Facebook just announced that it is acquiring a personalized shopping search engine called TheFind, which has over 15 million current users.
TheFind touts its search engine as the only way to search everything available for sale on the internet, and can match even very vague terms like “white sweater” with a vast array of relevant options.
TheFind also has localization features, meaning that it can return relevant results within a specified geographic area in case the user prefers to buy in-person. Since TheFind aggregates prices across the universe of online and brick and mortar vendors, the user doesn’t need to traverse multiple websites (or physical locations) to find the best deal.
Facebook plans on shutting down the search engine capabilities, but rest assured that they have some clever plans for monetizing this technology. Most likely, this will involve better contextualization of posts and messages that Facebook users generate to make advertisements even more hyper-targeted than they already are.
Perhaps in anticipation of this acquisition, Facebook recently launched an ad sales team with the express purpose of promoting specific items that advertisers are trying to push. There’s no doubt that TheFind strengthens Facebook’s ability to pitch this service to advertisers, as well as charge a significant premium versus
Although Facebook ads may now potentially become even more creepy than they already are, this acquisition should be a win-win-win. It’s win for consumers, who should receive more relevant and better offers; win for advertisers, who can better match ads with the right consumers; and a HUGE win for Facebook, which should be able to further mark up its ad inventory.
Facebook Buys And Shuts Down Shopping Site TheFind To Boost Commerce In Ads
Did anyone notice an unfamiliar interface when searching for a site on Firefox recently?
For most of us, “Google” has become not only a verb in our collective vocabulary, but also synonymous with search- we don’t even consider going to an alternative when we need to quickly find something. This is partially due to the fact that Google had signed an agreement with Mozilla in 2011 to become the native search engine for Firefox, meaning that it was the default search engine for roughly 50% of browsing (the market share of Firefox and Google’s Chrome browser combined).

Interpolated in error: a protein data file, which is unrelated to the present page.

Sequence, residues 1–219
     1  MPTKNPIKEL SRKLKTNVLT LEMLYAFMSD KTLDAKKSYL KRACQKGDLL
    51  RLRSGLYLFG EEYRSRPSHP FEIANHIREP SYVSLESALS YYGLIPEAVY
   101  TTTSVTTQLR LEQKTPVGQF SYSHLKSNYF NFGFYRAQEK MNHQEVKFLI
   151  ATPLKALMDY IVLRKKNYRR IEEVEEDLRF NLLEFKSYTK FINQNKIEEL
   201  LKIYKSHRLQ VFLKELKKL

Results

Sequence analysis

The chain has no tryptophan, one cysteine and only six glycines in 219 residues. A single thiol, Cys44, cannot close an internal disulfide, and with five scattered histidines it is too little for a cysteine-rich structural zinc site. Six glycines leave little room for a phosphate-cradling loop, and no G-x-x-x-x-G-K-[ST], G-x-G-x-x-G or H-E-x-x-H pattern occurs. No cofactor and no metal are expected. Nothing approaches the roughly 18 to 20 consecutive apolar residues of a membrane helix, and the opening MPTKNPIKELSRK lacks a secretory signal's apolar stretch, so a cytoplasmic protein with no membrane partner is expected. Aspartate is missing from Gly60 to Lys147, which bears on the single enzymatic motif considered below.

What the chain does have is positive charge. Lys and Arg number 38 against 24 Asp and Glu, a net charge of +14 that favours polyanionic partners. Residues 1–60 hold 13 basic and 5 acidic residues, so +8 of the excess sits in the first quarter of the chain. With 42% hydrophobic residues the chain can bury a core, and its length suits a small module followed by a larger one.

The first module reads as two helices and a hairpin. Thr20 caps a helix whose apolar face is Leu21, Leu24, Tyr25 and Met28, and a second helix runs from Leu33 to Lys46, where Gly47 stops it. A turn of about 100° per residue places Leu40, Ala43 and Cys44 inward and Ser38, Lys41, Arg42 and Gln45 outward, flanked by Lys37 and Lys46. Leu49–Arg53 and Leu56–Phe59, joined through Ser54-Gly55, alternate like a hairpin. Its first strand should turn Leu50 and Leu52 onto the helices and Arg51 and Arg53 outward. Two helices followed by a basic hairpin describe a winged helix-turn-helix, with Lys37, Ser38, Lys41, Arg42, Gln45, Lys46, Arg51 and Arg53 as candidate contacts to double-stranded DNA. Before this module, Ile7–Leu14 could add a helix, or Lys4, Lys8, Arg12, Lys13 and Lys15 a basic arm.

However, in November 2014 Yahoo signed a five year deal to supplant Google as Firefox’s native search engine. Users in the habit of typing a search term in their browser window are now automatically directed to search results on Yahoo. Google loyalists like myself (I swear that the relevancy of results is still superior to Bing and Yahoo) now have to make the extra step of consciously going to the Google homepage and entering the search term.
Due to this change in the typical user’s “workflow”, Yahoo is now able to claim one search conducted each time this happens. Google has seen an immediate dip in search market share in the US from 79.3% to 75.2%, while Yahoo’s share has grown from 7.4% to 10.4%. While those raw percentage deltas don’t seem high, that impact across the millions of users in the search market is significant.
It’s my personal opinion that Google will continue to be the dominant player in search, and gambits like this by Microsoft and Yahoo will fail to unseat them from the leader position. However, this is indicative of a trend of more and more anti-Google alliances forming- chiefly backed by Apple, Microsoft, and Yahoo, all of whom have tremendous amounts to gain with each point in market share that Google loses.